Fungi that Causes Pine Ghost Canker Detected in S. California Trees

Pathogen Native to U.S. but Had Not Infected Pines Until Recently

Tree with rust-colored needles shows signs of Pine Ghost Canker infections
This tree is infected with the fungal pathogen that causes Pine Ghost Canker, which can be fatal for trees. (Akif Eskalen, UC Davis)

Fungal pathogens that cause die-back in grape, avocado, citrus, nut and other crops have found a new host and are infecting conifer trees causing Pine Ghost Canker in urban forest areas of Southern California.

The canker can be deadly to trees.

Scientists from University of California, Davis, first spotted evidence that the pathogens had moved to pines during a routine examination of trees in Orange County in 2018. Over four years, they found that more than 30 mature pines had been infected in an area of nearly 100 acres, according to a report in the journal Plant Disease.

Akif Eskalen, a professor of Cooperative Extension in the Department of Plant Pathology at UC Davis, suspects drought and other stress conditions brought on by climate change weakened the tree species, making it more susceptible to new threats.

“We have been seeing this on pine trees for the last several years,” he said. “Our common crop pathogens are finding new hosts.”

Pine Ghost Canker – caused by the fungal pathogens Neofusicoccum mediterraneum and Neofusicoccum parvum – usually infects the lower part of a tree’s canopy, killing branches before moving on to the trunks. This dieback in some cases can be deadly.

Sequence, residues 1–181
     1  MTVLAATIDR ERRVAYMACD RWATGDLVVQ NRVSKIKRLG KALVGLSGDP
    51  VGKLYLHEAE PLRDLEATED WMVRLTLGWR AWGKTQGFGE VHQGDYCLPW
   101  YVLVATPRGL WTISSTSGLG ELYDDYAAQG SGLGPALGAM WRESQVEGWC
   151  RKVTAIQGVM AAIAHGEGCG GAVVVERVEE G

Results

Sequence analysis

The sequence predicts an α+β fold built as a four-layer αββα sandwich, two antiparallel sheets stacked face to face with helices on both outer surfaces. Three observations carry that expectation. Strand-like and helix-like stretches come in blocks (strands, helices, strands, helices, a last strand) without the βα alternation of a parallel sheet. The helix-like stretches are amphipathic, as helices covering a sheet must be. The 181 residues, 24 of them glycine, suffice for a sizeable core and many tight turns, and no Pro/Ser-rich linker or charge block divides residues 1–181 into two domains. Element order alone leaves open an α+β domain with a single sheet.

cross section of tree infected with pine ghost canker showing fungal spores
A cross section of a tree with ghost canker, as evidenced by discoloration and cankers with irregular, indistinct margins. (Akif Eskalen, UC Davis)

Points of entry

The pathogens infect a tree by entering through wounds caused by either insects, such as red-haired pine bark beetles, or pruning – meaning trees in managed or landscaped areas could be at risk. Another route is via tiny natural openings known as lenticels that fungi can make their way through, said Marcelo Bustamante, a Ph.D. candidate in Eskalen’s lab who is first author on the paper.

Spores from the fungi can disperse and the higher the prevalence means an increased chance of transmission. Rain, irrigation water and humidity by fog can trigger the right circumstances for the spores to spread, he said.

“The detection of these pathogens in urban forests raises concerns of potential spillover events to other forest and agricultural hosts in Southern California,” Bustamante and others wrote in the report.

Dead branches can indicate a canker. Detecting the fungi is not an emergency but “people should keep an eye on their plants when they see abnormalities,” Eskalen said.

Cankers are localized areas on stems, branches and tree trunks that are usually dead, discolored and sunken. On bark, the spores can look like strings of discolored dots.

 Closeup of bark showing spores of a fungal pathogen
Spores of a fungal pathogen capable of causing Pine Ghost Canker is on the surface of bark. (UC Davis)


The lab has posted a brochure about how to best manage wood canker diseases. Tips include: 

  • Keep your trees healthy: Proper irrigation and maintenance will keep trees strong.
  • Prune dead branches to reduce sources of infestation.
  • Avoid unnecessary pruning, perform structural pruning only.

Karina Elfar, Molly Arreguin, Carissa Chiang, Samuel Wells and Karen Alarcon from the Department of Plant Pathology contributed to the paper, as did experts from Disneyland Resort Horticulture Department, State University of New York’s College of Environmental Science and Forestry, UC Irvine and UC Los Angeles.

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